In 10 cases, the rules for euthanasia were not followed correctly, most of which involved a failure to properly consult a second doctor, the RTE annual report said. In one case, a doctor was reprimanded for ‘crossing the line’ with a patient suffering from severe dementia.
Of the total, 87% of assisted deaths involved people with cancer, serious heart or lung problems or diseases of the nervous system such as ALS.
There were 32 more cases of assisted suicide involving people with dementia, most of whom were in the early stages of the disease. In addition, there were 60 cases involving people with severe psychiatric problems, a rise of four on 2015.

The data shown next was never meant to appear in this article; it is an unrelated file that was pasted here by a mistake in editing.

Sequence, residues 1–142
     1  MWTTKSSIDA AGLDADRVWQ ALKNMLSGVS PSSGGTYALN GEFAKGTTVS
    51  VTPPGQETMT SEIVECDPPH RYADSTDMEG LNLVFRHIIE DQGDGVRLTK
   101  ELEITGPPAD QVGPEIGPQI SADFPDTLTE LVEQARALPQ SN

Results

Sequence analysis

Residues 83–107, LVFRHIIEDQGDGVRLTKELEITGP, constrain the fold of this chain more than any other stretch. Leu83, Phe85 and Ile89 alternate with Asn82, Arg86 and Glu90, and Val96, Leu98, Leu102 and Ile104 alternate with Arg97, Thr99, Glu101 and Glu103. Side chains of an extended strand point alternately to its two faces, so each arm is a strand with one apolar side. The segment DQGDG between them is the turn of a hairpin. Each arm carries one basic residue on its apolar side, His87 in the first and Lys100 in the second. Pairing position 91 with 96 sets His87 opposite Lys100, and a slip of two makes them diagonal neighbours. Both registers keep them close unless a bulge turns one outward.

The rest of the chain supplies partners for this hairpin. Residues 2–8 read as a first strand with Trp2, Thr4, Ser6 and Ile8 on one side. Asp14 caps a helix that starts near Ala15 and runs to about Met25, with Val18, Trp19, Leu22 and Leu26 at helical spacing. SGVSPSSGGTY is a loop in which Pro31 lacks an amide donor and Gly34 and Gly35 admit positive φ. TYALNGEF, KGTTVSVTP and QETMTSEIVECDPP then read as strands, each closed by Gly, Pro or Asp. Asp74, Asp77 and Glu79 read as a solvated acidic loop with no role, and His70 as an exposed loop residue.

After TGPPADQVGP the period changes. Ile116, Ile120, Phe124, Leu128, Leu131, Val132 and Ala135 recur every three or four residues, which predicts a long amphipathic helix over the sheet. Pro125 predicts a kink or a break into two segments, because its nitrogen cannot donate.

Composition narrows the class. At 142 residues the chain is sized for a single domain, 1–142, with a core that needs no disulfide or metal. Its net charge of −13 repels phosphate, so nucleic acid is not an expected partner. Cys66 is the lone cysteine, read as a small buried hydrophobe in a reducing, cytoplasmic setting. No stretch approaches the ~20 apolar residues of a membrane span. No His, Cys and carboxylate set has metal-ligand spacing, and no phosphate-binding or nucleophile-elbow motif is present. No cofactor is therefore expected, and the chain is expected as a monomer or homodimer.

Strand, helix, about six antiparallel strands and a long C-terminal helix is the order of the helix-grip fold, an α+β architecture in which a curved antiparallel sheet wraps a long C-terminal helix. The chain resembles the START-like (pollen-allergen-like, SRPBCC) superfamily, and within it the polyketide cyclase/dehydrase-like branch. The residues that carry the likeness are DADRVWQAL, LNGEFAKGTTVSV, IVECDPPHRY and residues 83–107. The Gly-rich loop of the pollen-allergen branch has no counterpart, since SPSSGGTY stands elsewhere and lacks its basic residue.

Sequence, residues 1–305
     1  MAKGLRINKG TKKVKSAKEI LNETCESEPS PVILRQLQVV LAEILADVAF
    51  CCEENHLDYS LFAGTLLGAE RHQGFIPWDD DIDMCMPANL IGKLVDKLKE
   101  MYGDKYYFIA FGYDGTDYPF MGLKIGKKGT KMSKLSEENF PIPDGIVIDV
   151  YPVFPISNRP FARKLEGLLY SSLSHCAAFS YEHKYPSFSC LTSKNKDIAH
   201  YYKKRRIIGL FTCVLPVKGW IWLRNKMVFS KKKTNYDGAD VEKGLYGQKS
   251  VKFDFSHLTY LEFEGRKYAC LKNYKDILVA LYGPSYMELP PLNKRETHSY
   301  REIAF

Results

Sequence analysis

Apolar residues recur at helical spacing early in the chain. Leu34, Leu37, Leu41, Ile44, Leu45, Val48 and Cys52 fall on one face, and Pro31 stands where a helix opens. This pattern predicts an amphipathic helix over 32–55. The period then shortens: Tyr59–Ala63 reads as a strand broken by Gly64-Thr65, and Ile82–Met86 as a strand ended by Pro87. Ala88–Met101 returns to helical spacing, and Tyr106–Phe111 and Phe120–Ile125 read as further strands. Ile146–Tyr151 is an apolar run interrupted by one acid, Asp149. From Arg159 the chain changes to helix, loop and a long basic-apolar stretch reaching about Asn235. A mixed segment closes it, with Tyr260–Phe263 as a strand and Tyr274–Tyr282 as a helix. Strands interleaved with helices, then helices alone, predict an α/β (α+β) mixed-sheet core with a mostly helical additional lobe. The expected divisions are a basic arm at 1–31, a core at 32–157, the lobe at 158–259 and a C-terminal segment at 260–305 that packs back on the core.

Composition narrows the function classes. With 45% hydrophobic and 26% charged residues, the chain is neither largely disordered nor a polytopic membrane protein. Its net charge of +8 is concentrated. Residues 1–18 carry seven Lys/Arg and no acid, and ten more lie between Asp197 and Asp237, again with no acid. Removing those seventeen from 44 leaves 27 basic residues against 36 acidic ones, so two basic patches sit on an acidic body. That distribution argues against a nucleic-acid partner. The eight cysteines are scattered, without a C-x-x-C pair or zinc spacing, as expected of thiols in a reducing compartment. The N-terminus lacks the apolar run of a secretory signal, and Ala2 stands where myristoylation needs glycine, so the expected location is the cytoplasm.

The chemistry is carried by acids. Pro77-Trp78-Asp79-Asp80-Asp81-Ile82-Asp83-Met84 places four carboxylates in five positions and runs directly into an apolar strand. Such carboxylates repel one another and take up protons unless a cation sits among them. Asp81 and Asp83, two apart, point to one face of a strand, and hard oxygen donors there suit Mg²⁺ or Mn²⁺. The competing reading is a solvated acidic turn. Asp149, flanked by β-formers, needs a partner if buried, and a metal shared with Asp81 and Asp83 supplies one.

Monitoring committee chairman Jacob Kohnstamm said it is not easy to determine why there has been a rise in overall cases. The demographic make-up of the Netherlands could be one reason for the increase, as could a change of opinion among doctors, he said.
Some 85% of euthanasia requests are carried out by the patient’s own doctor, usually at home.
Euthanasia is legal in the Netherlands under strict conditions. For example, the patient must be suffering unbearable pain and the doctor must be convinced the patient is making an informed choice. The opinion of a second doctor is also required.